- Meeting abstract
- Open Access
Vasculitis masquerading as drug allergy: thinking outside the ‘adult’ box of possible diagnoses
Allergy, Asthma & Clinical Immunology volume 8, Article number: A15 (2012)
A 32 year-old male presented with fever and pharyngitis. Amoxicillin was prescribed and 5 days into therapy he developed a petechial rash on the lower extremities, arthritis of the ankles, wrists and elbows, and loose stools. He completed the amoxicillin with no worsening of symptoms. A vasculitis assessment in the Internal Medicine Clinic found a slightly elevated ANA and normal ANCAs, hepatitis B/C/HIV serologies, CH50, C3, C4, rheumatoid factor, CBC, electrolytes, coagulation, urinalysis and chest X-ray. Skin biopsy confirmed a neutrophilic small-vessel leukocytoclastic vasculitis (Figure 1). The skin rash and arthritis resolved over the next 4-6 weeks with residual hyperpigmentation and scarring. The symptoms were attributed to a possible drug allergy to amoxicillin and avoidance was recommended.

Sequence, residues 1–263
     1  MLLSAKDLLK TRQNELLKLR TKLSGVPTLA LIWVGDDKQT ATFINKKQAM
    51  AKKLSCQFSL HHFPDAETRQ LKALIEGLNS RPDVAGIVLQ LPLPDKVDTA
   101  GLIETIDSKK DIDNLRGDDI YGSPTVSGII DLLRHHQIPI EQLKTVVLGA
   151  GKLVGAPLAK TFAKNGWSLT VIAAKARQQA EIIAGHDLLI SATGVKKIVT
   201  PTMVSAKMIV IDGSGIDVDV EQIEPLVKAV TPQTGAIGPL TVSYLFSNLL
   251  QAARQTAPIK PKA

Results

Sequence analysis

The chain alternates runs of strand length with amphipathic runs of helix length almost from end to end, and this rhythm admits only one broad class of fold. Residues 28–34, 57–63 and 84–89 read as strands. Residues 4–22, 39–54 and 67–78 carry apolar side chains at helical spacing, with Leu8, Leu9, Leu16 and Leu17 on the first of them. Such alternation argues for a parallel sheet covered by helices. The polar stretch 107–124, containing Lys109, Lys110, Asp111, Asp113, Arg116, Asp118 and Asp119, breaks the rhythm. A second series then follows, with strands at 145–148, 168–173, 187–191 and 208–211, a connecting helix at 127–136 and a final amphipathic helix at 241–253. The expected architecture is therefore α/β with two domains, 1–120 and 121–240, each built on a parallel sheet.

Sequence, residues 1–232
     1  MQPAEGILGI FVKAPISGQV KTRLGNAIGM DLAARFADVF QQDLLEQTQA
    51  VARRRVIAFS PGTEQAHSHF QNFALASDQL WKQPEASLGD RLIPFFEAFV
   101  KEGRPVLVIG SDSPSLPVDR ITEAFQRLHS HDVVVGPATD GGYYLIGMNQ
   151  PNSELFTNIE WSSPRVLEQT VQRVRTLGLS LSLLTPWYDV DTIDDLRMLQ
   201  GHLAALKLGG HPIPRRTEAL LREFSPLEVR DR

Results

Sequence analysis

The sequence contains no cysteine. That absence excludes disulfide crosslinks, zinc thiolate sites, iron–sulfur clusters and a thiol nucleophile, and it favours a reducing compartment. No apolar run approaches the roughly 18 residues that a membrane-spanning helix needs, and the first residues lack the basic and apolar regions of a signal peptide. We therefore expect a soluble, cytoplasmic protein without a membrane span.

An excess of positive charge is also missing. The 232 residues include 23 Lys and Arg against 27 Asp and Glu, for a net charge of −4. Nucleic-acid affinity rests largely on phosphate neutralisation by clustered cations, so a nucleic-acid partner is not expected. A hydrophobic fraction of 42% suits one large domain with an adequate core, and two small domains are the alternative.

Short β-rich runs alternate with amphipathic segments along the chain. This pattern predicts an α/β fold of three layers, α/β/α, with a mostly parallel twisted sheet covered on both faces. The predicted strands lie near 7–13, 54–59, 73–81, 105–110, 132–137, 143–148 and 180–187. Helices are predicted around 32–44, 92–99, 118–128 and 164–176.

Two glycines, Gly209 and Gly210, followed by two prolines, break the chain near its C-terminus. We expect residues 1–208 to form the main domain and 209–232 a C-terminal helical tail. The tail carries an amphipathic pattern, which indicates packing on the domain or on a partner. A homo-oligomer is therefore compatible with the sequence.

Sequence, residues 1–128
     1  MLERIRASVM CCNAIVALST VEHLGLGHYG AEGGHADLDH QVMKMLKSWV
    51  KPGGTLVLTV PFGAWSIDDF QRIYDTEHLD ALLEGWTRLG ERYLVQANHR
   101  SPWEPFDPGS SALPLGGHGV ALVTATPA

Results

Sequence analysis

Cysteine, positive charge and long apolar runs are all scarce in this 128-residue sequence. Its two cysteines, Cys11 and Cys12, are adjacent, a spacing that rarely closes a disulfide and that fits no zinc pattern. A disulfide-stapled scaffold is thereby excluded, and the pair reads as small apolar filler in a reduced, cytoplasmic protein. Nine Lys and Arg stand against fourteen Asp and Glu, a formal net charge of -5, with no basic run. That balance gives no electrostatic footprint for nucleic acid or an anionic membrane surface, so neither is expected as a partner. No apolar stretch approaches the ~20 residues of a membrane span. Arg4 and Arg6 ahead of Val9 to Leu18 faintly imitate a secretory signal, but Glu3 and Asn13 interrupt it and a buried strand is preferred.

Two months later, fever and pharyngitis recurred and a similar reaction occurred within 48 hours of azithromycin treatment (Figure 2). A referral was made the Adverse Drug Reaction clinic. IgE-mediated symptoms were absent. Previous treatments with penicillin were tolerated.
Skin exanthems have a broad differential diagnosis. Henoch-Schonlein-Purpura (HSP) is a small vessel vasculitis with purpura, arthritis, and gastrointestinal symptoms with 90% of cases occurring in children. A dermatology referral was made and the current working diagnosis is HSP or polyarteritis nodosum (PAN) pending a repeat biopsy during the next acute flare. Skin exanthems are often attributed to concurrent medications. The clinical history in a drug allergy assessment is key in distinguishing hypersensitivity drug reactions from other causes including vasculitis. Drug allergy assessment can prevent unnecessary future antimicrobial avoidance in patients with skin exanthems.
About this article
Cite this article
Sarre-Annweiler, ME., Joseph, M. & Hildebrand, K.J. Vasculitis masquerading as drug allergy: thinking outside the ‘adult’ box of possible diagnoses. All Asth Clin Immun 8, A15 (2012). https://doi.org/10.1186/1710-1492-8-S1-A15
- Drug Allergy